Fashion films have a long and celebrated history on Vimeo. In fact, some of our most iconic Staff Picks have been collaborations between fashion brands and creators. From Spike Jones’ viral “Kenzo World” to Mathew Frost’s hilarious spoof, “Fashion Film,” the innovative work in this space spans many different styles, tones, and techniques. 

When done right, collaborations between fashion houses and filmmakers are a symbiotic relationship. For brands, the films tell a story about the lifestyle they envision for their collections. By aligning themselves with creative voices they also promote their brand identity and company culture. Meanwhile, new and established filmmakers seek out these opportunity to flex their creative muscles with more commercial means.

Today, we’re zooming in on seven successful fashion collaborations, with insights from Vimeo creators on how the work came about. Scroll on for the full list.

1. Celia Rowlson-Hall for Miu Miu

In 2012, fashion house Miu Miu launched a series of short films with the mission to empower female storytellers. Since then, the brand has given two directors per year a production budget and access to the collection. For filmmaker Celia Rowlson-Hall, the opportunity to participate in the series presented a creative outlet in the wake of the 2016 election. “I was reeling and trying to make sense of it all,” she says. “I wanted to explore commercialism in the face of fear, creating a spectacle to distract and entertain — and escape from our present day reality.” The result echoes Rowlson-Hall’s previous body of work in its surreal and darky humorous tone.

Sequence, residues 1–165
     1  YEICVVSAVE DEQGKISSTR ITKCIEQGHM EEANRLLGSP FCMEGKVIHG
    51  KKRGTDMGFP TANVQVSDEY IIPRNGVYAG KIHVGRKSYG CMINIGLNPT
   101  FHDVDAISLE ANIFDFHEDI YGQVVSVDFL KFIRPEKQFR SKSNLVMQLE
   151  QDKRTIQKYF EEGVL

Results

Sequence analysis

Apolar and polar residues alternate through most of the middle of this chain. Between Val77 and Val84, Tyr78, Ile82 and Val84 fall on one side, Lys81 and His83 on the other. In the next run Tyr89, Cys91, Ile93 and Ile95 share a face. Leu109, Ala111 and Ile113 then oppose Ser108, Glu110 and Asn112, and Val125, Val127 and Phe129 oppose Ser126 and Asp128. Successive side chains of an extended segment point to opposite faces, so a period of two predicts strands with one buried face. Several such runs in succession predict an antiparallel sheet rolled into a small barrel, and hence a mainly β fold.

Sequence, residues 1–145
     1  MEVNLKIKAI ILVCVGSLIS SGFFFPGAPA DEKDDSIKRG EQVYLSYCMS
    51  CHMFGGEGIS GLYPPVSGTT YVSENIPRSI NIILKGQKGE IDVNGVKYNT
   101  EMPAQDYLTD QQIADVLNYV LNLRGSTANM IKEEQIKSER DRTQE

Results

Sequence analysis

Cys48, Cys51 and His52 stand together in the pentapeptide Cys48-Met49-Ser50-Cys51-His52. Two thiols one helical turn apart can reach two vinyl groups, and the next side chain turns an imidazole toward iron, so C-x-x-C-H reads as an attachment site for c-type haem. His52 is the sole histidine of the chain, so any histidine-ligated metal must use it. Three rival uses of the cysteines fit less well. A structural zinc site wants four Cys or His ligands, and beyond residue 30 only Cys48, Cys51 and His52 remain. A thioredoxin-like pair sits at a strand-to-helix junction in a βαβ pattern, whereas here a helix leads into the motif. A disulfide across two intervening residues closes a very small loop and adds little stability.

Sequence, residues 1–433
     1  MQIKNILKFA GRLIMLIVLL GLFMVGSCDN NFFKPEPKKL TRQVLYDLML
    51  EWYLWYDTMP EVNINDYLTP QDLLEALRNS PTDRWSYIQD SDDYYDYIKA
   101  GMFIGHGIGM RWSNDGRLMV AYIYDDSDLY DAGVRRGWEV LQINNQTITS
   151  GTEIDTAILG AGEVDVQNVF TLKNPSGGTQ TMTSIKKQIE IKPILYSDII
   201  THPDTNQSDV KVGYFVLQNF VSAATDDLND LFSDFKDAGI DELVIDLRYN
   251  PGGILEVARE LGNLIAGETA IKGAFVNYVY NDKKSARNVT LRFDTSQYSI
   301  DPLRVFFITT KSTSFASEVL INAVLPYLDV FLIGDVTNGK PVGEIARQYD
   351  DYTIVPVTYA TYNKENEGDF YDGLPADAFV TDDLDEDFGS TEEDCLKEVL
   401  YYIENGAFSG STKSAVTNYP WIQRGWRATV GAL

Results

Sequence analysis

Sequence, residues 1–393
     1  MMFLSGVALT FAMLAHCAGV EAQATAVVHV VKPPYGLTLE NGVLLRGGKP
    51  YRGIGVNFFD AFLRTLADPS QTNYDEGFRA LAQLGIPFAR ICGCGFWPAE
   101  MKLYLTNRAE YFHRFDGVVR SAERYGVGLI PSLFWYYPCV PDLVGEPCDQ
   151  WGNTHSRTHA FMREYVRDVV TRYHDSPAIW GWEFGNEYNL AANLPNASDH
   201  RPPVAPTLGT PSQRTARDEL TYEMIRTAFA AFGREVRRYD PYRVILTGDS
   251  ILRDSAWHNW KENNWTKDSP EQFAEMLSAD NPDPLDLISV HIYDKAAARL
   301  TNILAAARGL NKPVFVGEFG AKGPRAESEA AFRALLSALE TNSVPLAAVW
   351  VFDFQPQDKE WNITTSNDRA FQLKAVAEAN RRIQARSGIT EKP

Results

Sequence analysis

2. Fleur Fortuné for Pharrell x Chanel 

When Chanel tapped brand ambassador Pharell Williams to co-design their 2019 capsule collection, he called French director Fleur Fortuné for help in making the line’s supporting film. The result is a world that exists in the shadows of iconic Parisian locations, playing on the contrast between Chanel’s legacy and Pharrell’s aesthetic. With full creative freedom, Fortuné’s goal was to create something “surreal and mysterious, slightly futuristic, paradoxical, emotional, and sensorial — something you wouldn’t expect.” The boldness of the piece speaks to the mantra she often shares with other filmmakers. “Fashion always follows the trends,” Fortuné says. “But you shouldn’t follow it. You should create it, invent it.”

3. Roger Guàrdia for Stella McCartney 

Pushing beyond a typical look book and putting kids at the center of the work was Stella McCartney’s vision for her kids collection launch video. To bring this concept to life, she called upon CANADA London, and filmmaker Roger Guàrdia. “I wanted to go inside the head of a kid who finds a one-eyed cat on the streets,” Guàrdia explains. The resulting film is propelled forward by the kids’ curiosity; it examines what happens when they’re free to make their own rules, without adults. Guàrdia approaches his work with a similar philosophy. “Every project and person is different, so everybody has to experience their own things,” he says. His advice for filmmakers? “Try to do something you like. Have fun.”